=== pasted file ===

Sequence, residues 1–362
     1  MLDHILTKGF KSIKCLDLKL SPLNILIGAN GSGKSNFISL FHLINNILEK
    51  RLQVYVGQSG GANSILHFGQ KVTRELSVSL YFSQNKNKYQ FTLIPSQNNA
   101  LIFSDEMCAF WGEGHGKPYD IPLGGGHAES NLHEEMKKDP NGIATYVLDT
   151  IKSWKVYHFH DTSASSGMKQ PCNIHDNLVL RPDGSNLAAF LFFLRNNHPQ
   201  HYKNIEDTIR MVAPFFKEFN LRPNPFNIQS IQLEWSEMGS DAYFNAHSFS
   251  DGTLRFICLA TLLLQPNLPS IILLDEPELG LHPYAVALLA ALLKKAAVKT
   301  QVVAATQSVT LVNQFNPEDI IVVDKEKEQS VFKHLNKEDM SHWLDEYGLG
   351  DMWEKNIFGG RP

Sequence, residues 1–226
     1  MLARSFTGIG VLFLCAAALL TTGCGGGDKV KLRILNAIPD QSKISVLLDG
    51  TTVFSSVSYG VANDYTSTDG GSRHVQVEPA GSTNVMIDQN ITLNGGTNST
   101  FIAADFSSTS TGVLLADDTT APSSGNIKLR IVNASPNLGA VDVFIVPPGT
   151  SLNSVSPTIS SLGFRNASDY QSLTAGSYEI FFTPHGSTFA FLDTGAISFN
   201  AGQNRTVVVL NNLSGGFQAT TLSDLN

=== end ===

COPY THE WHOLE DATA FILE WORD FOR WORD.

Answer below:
Sequence, residues 1–362
     1  MLDHILTKGF KSIKCLDLKL SPLNILIGAN GSGKSNFISL FHLINNILEK
    51  RLQVYVGQSG GANSILHFGQ KVTRELSVSL YFSQNKNKYQ FTLIPSQNNA
   101  LIFSDEMCAF WGEGHGKPYD IPLGGGHAES NLHEEMKKDP NGIATYVLDT
   151  IKSWKVYHFH DTSASSGMKQ PCNIHDNLVL RPDGSNLAAF LFFLRNNHPQ
   201  HYKNIEDTIR MVAPFFKEFN LRPNPFNIQS IQLEWSEMGS DAYFNAHSFS
   251  DGTLRFICLA TLLLQPNLPS IILLDEPELG LHPYAVALLA ALLKKAAVKT
   301  QVVAATQSVT LVNQFNPEDI IVVDKEKEQS VFKHLNKEDM SHWLDEYGLG
   351  DMWEKNIFGG RP

Sequence, residues 1–226
     1  MLARSFTGIG VLFLCAAALL TTGCGGGDKV KLRILNAIPD QSKISVLLDG
    51  TTVFSSVSYG VANDYTSTDG GSRHVQVEPA GSTNVMIDQN ITLNGGTNST
   101  FIAADFSSTS TGVLLADDTT APSSGNIKLR IVNASPNLGA VDVFIVPPGT
   151  SLNSVSPTIS SLGFRNASDY QSLTAGSYEI FFTPHGSTFA FLDTGAISFN
   201  AGQNRTVVVL NNLSGGFQAT TLSDLN